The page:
The German government aims to launch a 5G spectrum auction early next year
German mobile operators will not have the obligation to cover all of the country’s territory when deploying 5G services over the next decade — but they’ll have to come close, according to international press reports citing internal documents from the Germany’s Federal Network Regulator (BNetzA).
Under the reported terms of the auction process, mobile carriers would need to make investment in 5G networks to cover at least 98% of German households by 2022, offering high-speed connection of 100 Mbps.
The country’s three telcos — Deutsche Telekom, Vodafone and Telefonica Deutschland — have previously said that deploying 5G all across the country would be a difficult target to achieve.
Mobile phone operators will not be required to allow national roaming when they deploy 5G network infrastructure, which would represent a barrier for new entrants as they will need to make heavy investments to deploy 5G infrastructure.
The proposed terms for an upcoming 5G spectrum auction will be discussed by BNetzA’s advisory board on September 24.
Last week, Germany’s antitrust regulator called for a fourth mobile carrier to enter the domestic market when 5G licenses are auctioned in 2019.
The Federal Cartel Office’s head Andreas Mundt suggested that market concentration has left Germany’s economy lagging behind its rivals in the race to build connected factories or put self-driving cars on the road.
Mundt also called for existing mobile carriers to open up their networks on a non-discriminatory basis to third parties such as service providers and virtual mobile network operators (MVNOs).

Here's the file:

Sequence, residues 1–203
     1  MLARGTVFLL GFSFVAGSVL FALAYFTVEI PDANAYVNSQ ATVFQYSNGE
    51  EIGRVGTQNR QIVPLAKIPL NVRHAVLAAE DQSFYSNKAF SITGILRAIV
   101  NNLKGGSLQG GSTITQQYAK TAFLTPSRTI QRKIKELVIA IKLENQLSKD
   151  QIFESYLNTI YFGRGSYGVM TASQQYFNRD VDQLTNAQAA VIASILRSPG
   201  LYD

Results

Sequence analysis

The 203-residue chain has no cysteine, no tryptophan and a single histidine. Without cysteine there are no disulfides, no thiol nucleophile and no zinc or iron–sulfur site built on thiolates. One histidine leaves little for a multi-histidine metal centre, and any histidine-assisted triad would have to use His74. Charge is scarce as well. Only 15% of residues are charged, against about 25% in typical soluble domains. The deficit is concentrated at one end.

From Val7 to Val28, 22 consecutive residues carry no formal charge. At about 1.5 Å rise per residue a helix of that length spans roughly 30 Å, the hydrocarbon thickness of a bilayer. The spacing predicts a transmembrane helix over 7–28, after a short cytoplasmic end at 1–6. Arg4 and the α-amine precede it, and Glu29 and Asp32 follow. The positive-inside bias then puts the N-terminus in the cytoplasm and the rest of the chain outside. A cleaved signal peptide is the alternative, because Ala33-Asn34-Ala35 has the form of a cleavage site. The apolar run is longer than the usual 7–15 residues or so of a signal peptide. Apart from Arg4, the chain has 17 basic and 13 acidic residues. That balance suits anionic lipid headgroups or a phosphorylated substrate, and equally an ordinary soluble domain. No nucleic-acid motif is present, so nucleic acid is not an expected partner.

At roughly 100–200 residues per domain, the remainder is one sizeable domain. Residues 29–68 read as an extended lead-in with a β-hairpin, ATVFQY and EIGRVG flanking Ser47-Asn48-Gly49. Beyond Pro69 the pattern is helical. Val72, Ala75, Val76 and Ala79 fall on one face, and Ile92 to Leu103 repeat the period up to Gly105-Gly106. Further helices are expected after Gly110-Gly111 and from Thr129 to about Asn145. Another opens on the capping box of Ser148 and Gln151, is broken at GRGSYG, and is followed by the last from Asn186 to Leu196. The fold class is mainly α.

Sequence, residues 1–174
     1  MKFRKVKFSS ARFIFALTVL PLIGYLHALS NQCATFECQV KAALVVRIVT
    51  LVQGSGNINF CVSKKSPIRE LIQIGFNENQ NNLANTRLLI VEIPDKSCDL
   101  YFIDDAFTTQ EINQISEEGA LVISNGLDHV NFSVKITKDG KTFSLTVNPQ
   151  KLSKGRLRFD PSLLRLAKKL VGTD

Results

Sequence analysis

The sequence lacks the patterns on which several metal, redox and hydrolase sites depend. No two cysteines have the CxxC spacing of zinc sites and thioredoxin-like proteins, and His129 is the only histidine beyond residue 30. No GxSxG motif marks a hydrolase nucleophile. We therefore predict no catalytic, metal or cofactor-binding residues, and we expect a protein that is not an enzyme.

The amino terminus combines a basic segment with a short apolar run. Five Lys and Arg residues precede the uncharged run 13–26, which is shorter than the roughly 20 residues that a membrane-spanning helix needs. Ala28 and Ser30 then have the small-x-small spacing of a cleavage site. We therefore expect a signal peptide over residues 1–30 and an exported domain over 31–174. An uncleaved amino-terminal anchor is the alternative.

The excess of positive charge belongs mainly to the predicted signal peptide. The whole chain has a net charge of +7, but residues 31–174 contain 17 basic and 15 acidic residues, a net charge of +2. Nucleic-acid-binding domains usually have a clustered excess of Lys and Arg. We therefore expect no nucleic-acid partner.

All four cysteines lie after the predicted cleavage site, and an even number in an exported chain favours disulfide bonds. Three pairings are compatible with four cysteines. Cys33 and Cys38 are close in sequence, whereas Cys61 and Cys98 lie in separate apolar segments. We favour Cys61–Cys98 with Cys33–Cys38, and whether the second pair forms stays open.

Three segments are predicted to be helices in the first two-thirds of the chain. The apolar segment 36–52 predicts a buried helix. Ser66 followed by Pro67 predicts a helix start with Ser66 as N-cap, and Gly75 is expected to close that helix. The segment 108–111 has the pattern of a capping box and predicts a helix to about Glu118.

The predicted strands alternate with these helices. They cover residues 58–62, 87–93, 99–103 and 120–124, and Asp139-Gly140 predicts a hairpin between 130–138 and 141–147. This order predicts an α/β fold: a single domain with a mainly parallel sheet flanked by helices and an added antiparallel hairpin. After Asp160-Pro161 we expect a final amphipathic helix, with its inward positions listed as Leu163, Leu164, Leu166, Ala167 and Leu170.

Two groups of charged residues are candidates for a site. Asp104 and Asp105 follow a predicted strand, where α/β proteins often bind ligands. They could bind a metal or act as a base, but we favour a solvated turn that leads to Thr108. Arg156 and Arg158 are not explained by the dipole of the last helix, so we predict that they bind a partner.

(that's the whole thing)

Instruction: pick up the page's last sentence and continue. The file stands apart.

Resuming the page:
Deutsche Telekom, Vodafone and Telefonica Deutschland have said that allowing network access to other operators and MVNOs would put them at a further disadvantage, as these firms will not have to invest significant resources in network infrastructure.
In May, BNetzA had announced plans to auction spectrum in the 2 GHz and 3.6 GHz frequency bands for the provision of 5G services. The auction is expected to take place during the first months of 2019.
Meanwhile, the country’s largest telco, Deutsche Telekom, called for auction conditions to be equitable.
“5G can only become a driving force for innovation and reinvigorate the labour market if the peripheral conditions are fair,” said Dirk Wössner, member of the Deutsche Telekom Board. “We anticipate that the volume of investment for the sector will be considerable. Figures of this magnitude are not to be taken lightly,” he said.
“One thing should be clear – we can’t have a situation where only some are investing and bearing the risks while others only reap the rewards,” Wössner added.
Wössner also said that forcing network operators to hand over every new product and technology to third parties immediately stifles the development of new, innovative products and services and also hinders investment in network expansion.
Wössner also opposed to mandatory national roaming, saying that “national roaming expropriates the network operators that are investing.”
He added: “A range of different technologies and components are coordinated and controlled in a 5G system. Comprehensive broadband coverage will initially be achieved using existing and new LTE locations and technologies. 5G will be added where it is technically feasible. This means requirements must be formulated in a technology-neutral manner.”
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